Firstly, a very big welcome to the new look magazine for Hope and Emmanuel Churches! Secondly, a very big thank you to Claire and Rebecca for making this their own. I trust that you will enjoy this month’s read very much.
This year I am fortunate to have been accepted onto the Arrow Leadership Programme. Arrow is a 19-month course run by the Church Pastoral Aid Society (CPAS), that provides training in call and character, evangelism (sharing the good news of Jesus) and leadership for those in full-time Christian Ministry aged 25-40.
Some research carried out by CPAS suggests that clergy’s energy and productivity (though I suspect it can be true of many lines of work) by the age of 40 can begin to dip. Arrow aims to help its participants put in place strategies to keep the momentum going whilst maintaining a good work-life balance – giving time to your work, to yourself and to your family. Over the next 19 months I will be mentored, meet in a regular small group with three other participants, meet with a psychologist, be ‘reviewed’ by a team of five that includes both my mission area leader Martin Batchelor and my wife (!), and then on four occasions all 24 participants will get together for prayer, training and support. In addition I’m expected to give three hours a week towards further study. I am looking forward to it! Please keep me in your prayers.
I wrote last month in this column about the Leading Your Church Into Growth (LyCiG) course. An inspirational course that seeks to equip the church with tools to stay healthy and keep growing. LyCiG is full of new and creative ideas to help churches turn the tide on decline, start growing and keep growing by becoming an outward looking church over and above an inward looking church.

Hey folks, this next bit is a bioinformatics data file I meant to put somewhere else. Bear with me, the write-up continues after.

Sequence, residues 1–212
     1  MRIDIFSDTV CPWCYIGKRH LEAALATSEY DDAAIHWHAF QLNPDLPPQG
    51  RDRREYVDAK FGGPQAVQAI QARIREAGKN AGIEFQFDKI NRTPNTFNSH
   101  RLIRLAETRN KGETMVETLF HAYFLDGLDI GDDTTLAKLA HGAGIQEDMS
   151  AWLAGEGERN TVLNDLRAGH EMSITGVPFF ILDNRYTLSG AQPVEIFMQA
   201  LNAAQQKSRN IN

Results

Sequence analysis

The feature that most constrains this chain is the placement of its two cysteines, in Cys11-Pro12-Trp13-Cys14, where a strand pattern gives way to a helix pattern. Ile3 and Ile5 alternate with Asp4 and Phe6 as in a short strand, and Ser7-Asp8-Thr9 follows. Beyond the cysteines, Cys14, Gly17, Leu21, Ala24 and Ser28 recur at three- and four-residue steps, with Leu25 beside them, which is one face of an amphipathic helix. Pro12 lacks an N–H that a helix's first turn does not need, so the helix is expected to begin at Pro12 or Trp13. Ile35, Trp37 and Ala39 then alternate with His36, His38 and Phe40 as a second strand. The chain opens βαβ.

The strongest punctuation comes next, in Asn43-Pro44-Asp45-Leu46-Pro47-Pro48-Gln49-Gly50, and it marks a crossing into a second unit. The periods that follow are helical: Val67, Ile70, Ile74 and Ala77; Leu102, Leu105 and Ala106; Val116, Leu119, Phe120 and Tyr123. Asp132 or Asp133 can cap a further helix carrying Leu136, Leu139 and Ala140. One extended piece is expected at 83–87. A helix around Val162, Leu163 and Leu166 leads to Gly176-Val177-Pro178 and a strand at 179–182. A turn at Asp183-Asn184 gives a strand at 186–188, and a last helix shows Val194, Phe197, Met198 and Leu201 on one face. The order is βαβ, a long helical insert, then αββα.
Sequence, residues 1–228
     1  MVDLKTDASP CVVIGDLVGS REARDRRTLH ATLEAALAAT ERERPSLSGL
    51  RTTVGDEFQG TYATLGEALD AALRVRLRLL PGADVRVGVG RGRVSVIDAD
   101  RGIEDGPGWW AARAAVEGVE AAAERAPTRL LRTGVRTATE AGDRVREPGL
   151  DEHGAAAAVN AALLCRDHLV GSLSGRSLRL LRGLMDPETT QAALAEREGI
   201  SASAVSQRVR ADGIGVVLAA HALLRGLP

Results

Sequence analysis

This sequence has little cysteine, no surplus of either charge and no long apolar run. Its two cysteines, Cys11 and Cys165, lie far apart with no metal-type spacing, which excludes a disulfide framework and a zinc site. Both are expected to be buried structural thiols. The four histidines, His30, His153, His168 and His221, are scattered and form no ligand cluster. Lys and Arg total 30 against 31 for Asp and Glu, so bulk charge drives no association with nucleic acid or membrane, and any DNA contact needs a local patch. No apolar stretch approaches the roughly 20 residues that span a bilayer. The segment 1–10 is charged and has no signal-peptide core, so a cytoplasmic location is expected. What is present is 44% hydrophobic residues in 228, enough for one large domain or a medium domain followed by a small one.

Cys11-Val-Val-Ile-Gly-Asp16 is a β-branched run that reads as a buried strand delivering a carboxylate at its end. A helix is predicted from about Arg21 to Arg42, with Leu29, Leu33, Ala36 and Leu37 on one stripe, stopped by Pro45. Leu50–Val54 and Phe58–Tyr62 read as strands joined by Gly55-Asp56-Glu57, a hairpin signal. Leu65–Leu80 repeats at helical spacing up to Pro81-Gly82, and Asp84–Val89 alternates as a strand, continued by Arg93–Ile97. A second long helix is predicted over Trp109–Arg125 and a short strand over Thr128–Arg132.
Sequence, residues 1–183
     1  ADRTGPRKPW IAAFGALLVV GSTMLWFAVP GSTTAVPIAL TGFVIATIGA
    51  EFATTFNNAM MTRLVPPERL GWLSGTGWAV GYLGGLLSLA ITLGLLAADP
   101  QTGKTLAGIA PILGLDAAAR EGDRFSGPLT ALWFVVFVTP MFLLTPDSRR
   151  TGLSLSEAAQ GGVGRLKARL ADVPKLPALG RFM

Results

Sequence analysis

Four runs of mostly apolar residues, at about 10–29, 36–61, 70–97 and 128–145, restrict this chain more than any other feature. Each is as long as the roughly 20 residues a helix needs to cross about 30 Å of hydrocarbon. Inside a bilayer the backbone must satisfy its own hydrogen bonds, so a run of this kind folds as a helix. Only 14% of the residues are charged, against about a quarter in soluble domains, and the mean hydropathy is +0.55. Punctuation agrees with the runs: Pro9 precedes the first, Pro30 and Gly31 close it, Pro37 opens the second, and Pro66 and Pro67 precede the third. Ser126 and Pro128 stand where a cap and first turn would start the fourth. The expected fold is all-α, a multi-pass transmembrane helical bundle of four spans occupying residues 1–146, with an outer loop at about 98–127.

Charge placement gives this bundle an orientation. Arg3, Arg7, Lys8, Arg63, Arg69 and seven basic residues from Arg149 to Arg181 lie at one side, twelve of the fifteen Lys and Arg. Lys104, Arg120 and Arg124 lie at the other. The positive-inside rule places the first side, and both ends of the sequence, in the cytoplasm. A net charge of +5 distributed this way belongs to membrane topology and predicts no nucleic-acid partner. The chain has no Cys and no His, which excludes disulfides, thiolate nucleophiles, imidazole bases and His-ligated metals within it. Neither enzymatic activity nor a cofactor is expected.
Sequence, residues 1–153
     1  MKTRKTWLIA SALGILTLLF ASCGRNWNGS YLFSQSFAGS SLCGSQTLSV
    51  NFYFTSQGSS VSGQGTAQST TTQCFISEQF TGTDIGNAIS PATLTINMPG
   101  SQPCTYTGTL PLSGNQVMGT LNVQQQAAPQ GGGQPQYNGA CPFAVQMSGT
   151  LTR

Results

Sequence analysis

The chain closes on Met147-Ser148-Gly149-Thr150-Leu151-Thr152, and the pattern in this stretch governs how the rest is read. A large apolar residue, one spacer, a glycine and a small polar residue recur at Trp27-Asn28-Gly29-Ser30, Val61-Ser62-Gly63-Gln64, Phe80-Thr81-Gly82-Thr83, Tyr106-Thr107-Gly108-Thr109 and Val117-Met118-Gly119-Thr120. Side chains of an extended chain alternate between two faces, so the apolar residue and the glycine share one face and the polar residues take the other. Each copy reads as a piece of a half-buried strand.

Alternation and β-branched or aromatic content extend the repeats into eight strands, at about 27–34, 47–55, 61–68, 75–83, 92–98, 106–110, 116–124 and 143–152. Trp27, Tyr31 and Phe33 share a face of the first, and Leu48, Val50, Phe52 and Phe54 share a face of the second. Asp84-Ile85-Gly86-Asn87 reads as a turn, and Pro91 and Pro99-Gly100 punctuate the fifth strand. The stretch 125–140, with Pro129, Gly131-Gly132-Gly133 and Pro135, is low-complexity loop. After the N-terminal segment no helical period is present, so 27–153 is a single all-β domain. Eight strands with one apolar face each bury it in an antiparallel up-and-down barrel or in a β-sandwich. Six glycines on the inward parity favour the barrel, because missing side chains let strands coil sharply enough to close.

One of the most important challenges that the church is currently facing – and has been facing for a long time now – is how can we be relevant in the 21st century? One thing that I get excited about – Is looking at what the wider church has always done but that doesn’t seem to be working any longer and then turn it upside down in order to make our local church more RELEVANT for today.
In many ways this is what The Church In Wales ‘2020 Vision’ is all about. There are some clergy who’ve been crying out prophetically for a number of years, even generations, for the church to become more relevant. How exciting it is to be a Christian minister today because when it comes to having a go – this is exactly what the Church In Wales 2020 Vision is encouraging us to do.
Shortly after I wrote last month’s Rector Writes I read this. They are the words of the late Cardinal Basil Hume, Archbishop of Westminster in the Roman Catholic Church, 1976-99, writing in the Forward of Henri Nouwen’s book, In the Name of Jesus: Reflections on Christian Leadership (1989):
Those involved in Christian leadership in the Church… are liable to be tempted, as our Lord was, ‘to be relevant’, to achieve great things for God, rather than to respond first to a love which Jesus has first given to us; ‘to be spectacular’ rather than humble… ‘to be powerful’ than just to be, loving, serving, and at great personal cost.
Wham. Of course this is right. But I confess that when I read this for the first time it was like someone had yelled at me and slammed the door in my face. Then it became so quiet in the room that I could hear a pin drop. I was sat down at the time, but had I been standing I suspect that I would now be sitting down. It was a healthy reminder that my first call as a Christian leader is not to be ‘relevant’.
The first chapter of Henri Nouwen’s book is called “From Relevance to Prayer”. He then writes about “The Temptation: To Be Relevant” before asking the reader the same Question that Jesus, shortly before he ascended back into heaven, asked his follower Peter – “Do You Love Me?”
For the Church to grow today, I believe that the church must become more relevant to its 21st century society and to do this we must be more outward looking than inward looking. But as Christians we must not make being relevant our only goal. Our first goal, our primary goal, and ultimately our only goal is to love, and to help
others to love, our Lord Jesus Christ. To do this we must be ‘upward looking’.
In Christ, Adam